Labour History: A Journal of Labour and Social History

Fremantle in Slow Motion: Winning Back the Melbourne Waterfront, 1919

Labour History: A Journal of Labour and Social History (2009), 97, (1), 123–136.

Abstract

A basic misconception regarding precisely what happened on the Melbourne waterfront in 1919 has coloured perceptions of the industrial performance of the Waterside Workers Federation between the defeat of 1917 and the lockout of 1928. Contrary to the prevailing perception of a fatally weakened and embattled organisation, plagued by mass scabbing, the wharfies won a major victory in 1919. The comparatively well-documented success in Fremantle, where a major riot in May 1919 cleared the port of scabs, was followed by a more prolonged, but ultimately successful campaign in Melbourne which has not been documented. Combining violence and intimidation (helped as in Fremantle by the presence of returned soldiers) with strike action, in conjunction with the seamen, the rank and file of the Melbourne wharfies defied both their officials and Justice Higgins to win the abolition of the Nation Service Bureau and reinstate preference for unionists.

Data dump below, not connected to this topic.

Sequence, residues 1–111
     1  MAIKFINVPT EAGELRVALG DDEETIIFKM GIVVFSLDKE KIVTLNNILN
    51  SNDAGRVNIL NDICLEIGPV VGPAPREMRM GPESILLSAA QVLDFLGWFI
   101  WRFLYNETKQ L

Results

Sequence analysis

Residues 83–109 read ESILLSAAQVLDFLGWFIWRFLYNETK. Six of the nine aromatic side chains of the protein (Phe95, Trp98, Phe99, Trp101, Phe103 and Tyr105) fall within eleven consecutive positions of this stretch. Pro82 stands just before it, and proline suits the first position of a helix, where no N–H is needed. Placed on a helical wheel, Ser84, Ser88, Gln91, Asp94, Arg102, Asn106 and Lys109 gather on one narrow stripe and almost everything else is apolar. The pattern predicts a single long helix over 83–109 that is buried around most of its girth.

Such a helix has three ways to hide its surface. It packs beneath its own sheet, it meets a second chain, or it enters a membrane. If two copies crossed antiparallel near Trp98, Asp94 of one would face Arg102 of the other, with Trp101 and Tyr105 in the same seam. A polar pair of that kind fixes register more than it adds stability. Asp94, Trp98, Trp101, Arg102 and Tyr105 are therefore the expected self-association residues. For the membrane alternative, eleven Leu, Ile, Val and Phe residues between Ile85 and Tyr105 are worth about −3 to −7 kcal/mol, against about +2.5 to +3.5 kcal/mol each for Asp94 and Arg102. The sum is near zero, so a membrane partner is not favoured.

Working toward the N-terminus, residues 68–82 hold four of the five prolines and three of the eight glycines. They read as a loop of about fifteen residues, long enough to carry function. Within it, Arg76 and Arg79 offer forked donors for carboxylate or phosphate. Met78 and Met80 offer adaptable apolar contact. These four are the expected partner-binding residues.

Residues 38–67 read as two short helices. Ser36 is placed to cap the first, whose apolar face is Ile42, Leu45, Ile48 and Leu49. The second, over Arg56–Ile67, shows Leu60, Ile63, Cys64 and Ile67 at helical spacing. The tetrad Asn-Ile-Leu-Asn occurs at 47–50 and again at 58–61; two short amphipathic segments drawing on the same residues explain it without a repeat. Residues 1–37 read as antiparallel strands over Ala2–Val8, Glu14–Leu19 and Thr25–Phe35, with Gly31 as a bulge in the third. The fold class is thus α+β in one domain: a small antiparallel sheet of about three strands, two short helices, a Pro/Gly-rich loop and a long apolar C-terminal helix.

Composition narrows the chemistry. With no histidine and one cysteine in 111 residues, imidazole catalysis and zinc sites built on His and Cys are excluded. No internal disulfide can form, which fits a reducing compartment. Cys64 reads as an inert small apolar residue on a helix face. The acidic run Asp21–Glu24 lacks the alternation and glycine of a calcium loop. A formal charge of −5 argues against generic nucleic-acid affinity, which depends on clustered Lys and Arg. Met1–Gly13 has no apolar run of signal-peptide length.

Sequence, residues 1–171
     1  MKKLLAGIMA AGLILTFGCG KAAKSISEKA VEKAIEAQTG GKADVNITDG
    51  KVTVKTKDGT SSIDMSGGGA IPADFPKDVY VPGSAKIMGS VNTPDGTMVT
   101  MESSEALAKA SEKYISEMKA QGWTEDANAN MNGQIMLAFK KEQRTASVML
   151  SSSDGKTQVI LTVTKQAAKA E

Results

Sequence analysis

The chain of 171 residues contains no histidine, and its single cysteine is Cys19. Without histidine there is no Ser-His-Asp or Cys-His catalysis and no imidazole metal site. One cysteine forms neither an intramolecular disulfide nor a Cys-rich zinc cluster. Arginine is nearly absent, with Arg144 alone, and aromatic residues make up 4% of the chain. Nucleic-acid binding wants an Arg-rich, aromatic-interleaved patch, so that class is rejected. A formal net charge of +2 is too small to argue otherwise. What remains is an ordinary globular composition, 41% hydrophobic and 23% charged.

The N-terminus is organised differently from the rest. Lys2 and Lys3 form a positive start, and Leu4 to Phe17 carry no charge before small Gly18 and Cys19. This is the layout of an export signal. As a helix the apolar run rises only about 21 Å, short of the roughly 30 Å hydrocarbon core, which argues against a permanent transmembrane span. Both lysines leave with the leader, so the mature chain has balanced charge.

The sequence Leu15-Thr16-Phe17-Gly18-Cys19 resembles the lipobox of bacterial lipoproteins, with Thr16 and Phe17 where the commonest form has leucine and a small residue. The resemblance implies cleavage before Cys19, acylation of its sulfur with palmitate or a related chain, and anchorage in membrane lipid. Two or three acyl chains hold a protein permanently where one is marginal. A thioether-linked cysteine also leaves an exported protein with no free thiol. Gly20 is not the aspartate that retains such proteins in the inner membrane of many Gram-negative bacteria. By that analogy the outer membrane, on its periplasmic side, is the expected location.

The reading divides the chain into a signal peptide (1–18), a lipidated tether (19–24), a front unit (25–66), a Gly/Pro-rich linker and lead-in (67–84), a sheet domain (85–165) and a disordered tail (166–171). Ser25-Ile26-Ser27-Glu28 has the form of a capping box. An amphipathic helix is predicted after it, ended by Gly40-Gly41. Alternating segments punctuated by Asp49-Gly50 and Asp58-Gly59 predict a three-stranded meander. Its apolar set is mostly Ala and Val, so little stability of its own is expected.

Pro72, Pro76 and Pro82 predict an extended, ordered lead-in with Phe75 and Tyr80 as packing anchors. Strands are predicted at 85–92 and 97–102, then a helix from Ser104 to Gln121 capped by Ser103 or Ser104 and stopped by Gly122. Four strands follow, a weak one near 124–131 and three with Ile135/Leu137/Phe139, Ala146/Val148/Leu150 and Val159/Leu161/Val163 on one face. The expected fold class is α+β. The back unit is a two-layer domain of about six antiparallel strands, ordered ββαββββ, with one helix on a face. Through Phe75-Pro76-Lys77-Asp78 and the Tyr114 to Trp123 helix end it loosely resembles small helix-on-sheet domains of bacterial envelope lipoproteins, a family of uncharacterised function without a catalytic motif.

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Author details

Bollard, Robert

Table of Contents

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